Category History and culture

In the shadows

Beside the Taj Mahal, the Agra Fort stood as an impregnable bastion under the Mughal Empire.


In 1565, Jalaluddin Muhammad Akbar, the third ruler of the Mughal Empire – which controlled large parts of India in the 16th and 17th centuries – built the main constructions of the Agra Fort. He erected walls around what became a fortified city. The provincial city of Agra became the empire’s capital.

In 1627, Akbar’s grandson, Shah Jahan, became the empire’s fifth ruler. Years later he moved to Delhi. He constructed the Taj Mahal, the famous white marble monument, in memory of his deceased wife Mumtaz Mahal. He built it only a few kilometres from the Agra Fort.

Jahan fell ill in 1657 and resigned his throne to Dara Shikoh, the eldest of his four sons. His brothers were jealous...

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City of temples

In a Cambodian forest, the temple of Angkor Wat stands as a grandiose symbol of the mighty Khmer Empire.


In the early 12th century, Suryavarman II, the king of the Khmer Empire, decided to build a temple. Around 50,000 people were sent to work, slaving away for 37 years. They dug a 200-metre moat, bridged by a causeway. They built three square plateaus on top of each other, protected by towering walls. At the top they erected five large towers. Around the temple, they created fine artwork, courtyards and corridors. In 1150 they completed the job. Angkor Wat was ready for use.

The new home of Suryavarman II reflected the power of his kingdom...

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A golden age

The city of Jerash is an archaeological titan among the Roman relics of the east. But what sparked its monumental constructions?


In their magnificent forum, one can only wonder what the wealthy citizens of Jerash got up to. The city became a booming trade centre in Roman times, as evident by its grandiose facilities: paved and colonnaded streets, towering temples, fine theatres, public squares, city gates, fountains and baths. It became a prime example of Roman urbanism. How? Well, because it could afford it.

The city is among the best preserved ancient civilisations known to man. For reasons to be explained, it was gradually abandoned after the eight century. It was later covered in sand, and remained undiscovered until the early 1800s...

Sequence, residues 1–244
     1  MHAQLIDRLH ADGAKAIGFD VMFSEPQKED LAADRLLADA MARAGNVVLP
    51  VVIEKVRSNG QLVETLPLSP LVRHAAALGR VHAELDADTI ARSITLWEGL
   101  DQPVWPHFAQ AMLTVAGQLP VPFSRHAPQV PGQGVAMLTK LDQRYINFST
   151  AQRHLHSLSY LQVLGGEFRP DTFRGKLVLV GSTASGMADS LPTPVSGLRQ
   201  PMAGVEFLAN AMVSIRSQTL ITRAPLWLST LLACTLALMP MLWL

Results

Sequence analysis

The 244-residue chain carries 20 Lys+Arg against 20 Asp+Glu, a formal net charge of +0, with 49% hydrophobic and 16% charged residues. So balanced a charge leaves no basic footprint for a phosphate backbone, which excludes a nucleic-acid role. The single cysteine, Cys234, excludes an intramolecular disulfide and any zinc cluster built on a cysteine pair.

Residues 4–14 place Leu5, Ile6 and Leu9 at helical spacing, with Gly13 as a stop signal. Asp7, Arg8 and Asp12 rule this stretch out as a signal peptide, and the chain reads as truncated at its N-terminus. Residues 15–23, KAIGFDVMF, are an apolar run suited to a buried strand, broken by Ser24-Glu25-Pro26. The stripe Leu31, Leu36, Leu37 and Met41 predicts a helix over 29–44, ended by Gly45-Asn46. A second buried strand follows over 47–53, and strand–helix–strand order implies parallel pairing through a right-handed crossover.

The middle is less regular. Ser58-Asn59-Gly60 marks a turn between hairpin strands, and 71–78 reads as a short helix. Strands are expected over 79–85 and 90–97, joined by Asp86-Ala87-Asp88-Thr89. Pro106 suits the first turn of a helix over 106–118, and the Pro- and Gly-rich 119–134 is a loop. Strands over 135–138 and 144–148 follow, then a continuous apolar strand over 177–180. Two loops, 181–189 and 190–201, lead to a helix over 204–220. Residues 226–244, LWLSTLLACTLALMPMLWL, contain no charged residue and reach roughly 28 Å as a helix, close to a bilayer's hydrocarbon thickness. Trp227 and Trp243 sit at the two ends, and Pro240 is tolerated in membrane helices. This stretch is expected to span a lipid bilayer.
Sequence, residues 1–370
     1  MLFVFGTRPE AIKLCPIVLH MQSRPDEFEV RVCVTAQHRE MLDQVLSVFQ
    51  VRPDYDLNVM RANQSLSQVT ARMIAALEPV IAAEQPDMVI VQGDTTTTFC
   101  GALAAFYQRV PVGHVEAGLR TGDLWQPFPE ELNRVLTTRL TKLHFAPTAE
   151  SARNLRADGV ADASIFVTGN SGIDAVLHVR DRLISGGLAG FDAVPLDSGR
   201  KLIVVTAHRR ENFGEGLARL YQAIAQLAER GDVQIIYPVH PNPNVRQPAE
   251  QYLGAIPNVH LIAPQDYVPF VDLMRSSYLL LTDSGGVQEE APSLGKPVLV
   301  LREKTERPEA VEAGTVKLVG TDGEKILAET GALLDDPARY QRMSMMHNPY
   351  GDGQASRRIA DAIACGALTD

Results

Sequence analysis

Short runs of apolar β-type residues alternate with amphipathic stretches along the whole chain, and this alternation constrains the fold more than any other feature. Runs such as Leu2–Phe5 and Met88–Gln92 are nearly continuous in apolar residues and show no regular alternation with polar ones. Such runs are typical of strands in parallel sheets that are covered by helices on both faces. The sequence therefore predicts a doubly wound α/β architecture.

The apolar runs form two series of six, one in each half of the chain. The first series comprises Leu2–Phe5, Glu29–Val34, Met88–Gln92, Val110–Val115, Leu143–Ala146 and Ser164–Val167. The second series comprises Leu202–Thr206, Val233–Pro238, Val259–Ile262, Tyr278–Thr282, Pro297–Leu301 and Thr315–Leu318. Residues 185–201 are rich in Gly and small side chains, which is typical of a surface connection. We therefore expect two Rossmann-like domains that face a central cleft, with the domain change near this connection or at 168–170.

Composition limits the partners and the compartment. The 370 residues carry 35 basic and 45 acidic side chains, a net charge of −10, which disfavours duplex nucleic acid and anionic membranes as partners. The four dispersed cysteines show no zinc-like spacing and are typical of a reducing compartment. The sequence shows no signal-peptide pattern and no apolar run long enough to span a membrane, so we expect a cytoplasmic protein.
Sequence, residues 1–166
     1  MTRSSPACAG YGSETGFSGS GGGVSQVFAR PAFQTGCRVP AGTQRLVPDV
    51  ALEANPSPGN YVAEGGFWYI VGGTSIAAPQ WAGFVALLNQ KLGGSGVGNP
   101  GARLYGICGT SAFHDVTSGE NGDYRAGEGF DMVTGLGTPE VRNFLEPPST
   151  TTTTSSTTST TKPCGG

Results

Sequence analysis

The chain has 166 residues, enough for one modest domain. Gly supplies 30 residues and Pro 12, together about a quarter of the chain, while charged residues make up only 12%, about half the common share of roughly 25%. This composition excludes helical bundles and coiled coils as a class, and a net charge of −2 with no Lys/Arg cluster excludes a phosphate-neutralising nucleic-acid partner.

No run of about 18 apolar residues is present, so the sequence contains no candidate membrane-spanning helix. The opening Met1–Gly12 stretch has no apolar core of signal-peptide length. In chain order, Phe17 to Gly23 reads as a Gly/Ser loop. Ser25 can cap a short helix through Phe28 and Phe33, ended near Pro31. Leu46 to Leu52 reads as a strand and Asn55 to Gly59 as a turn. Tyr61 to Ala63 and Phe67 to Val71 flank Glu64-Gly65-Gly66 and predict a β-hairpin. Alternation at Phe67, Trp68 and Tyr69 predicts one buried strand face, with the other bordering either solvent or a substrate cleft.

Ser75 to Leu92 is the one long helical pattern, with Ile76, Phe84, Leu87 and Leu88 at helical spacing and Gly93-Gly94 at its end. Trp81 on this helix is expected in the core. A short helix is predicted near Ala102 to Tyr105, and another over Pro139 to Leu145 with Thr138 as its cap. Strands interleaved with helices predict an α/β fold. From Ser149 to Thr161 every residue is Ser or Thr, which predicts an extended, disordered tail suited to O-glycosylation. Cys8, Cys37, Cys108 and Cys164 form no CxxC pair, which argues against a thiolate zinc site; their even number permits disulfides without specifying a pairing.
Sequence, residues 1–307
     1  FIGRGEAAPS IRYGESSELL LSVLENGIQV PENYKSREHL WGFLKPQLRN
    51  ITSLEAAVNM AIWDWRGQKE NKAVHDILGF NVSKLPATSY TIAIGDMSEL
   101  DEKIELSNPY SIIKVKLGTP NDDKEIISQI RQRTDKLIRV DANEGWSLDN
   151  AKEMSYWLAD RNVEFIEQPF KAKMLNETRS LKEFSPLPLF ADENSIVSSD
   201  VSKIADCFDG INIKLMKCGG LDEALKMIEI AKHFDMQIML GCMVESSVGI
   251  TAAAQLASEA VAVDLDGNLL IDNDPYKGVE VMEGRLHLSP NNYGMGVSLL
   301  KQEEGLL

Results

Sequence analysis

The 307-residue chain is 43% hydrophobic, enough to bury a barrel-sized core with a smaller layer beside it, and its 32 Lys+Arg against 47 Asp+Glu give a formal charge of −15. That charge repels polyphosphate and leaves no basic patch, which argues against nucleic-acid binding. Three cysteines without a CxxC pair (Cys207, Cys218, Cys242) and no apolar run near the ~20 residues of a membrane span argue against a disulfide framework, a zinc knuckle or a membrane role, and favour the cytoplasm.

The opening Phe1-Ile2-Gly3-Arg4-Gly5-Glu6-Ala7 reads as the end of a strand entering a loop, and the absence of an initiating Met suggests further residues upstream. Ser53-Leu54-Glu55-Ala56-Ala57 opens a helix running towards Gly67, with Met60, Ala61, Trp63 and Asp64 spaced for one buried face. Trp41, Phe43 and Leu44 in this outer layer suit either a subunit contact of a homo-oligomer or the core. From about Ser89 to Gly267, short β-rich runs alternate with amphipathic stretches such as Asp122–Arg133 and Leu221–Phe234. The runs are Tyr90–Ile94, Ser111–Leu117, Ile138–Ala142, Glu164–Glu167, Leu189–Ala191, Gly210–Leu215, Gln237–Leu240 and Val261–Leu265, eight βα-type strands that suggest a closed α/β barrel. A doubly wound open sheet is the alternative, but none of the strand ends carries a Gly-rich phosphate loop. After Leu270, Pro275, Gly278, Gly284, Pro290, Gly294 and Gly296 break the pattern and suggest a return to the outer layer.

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Halfway to heaven

The Metéora monasteries were built atop of giant stone pinnacles in an era of no technology. Here there have been Monasticism, bombings and James Bond scenes.


At some point in the 14th century, on the plains of Thessaly in mainland Greece, a group of monks are likely to have debated the location of a new monastery. They had a habit of preferring remote, inaccessible places, but this time they took it to the extreme: they settled on a series of 400-metre high sandstone pinnacles close to the town of Kalambáka; a near-inaccessible location designed for prayer and spirituality. A few centuries later they had built 24 monasteries on the site, making Metéora the second largest Greek monastic area after Mount Athos, in Macedonia.

The building process was anything but easy...

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Empty fortress

Towering above the mountainous landscape of Tibet, the Potala Palace is the most prominent symbol of Tibetan Buddhism after the Dalai Lama.


It carries more meaning than one can imagine. Placed upon the Red Mountain overlooking Lhasa, the capital of the Tibet region, the Potala Palace is the altar Tibetan Buddhists now turn to in worship. Since the Great Fifth Dalai Lama, Lobsang Gyatso, constructed it in the 1600s, it has been the centre for political and religious leadership. The Dalai Lama always resided there. That was, until the Tibetan uprising in 1959, when the 14th and current Dalai Lama, Tenzin Gyatso, fled Lhasa for shelter in Dharamsala, northern India. The palace has stood empty ever since.

For most tourists, the Potala Palace is a treasure chest, cultural centrepiece and photo...

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The institution

The Viennese coffee houses served as home to Austria’s chief literati for decades. Today they are still recognised as one of the country’s finest cultural treasures. 


There is one rule to remember when entering the spacious rooms of a classic Vienna coffee house: never order ‘coffee’. The days when Nobel Prize winners filled the Thonet wooden chairs and debated contemporary issues in smoke-filled chambers may be over, but, casting a look at the bow-tie-and-jacket-wearing waiters, the rich selection of continental newspapers and journals, and the thick menus containing only variations of coffee and cakes, the sense of sophistication is still very much present.

The attention to detail that stems from the coffee houses’ history of housing Vienna’s literati – writers, philosophers and ...

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Buried in time

On 24 August in 79 A.D. the eruption of Mount Vesuvius condemned the Roman city of Pompeii to 1,700 years under ash and debris. Today it is a unique gateway to life in ancient times.  


Nobody could have predicted what happened. On a summer morning, a pillar of ash rocketed into the sky, branching out over Pompeii, plunging it into darkness. Volcanic rocks soon hit the rooftops like meteors. Houses started to shake. The ground trembled. People ran for their lives.

“You could hear women moaning, children howling, and men shouting,” Pliny the Younger, an author and witness, later wrote in his letters. “Some were lamenting their own misfortune, others that of their families. A few in their fear of death were praying for death...

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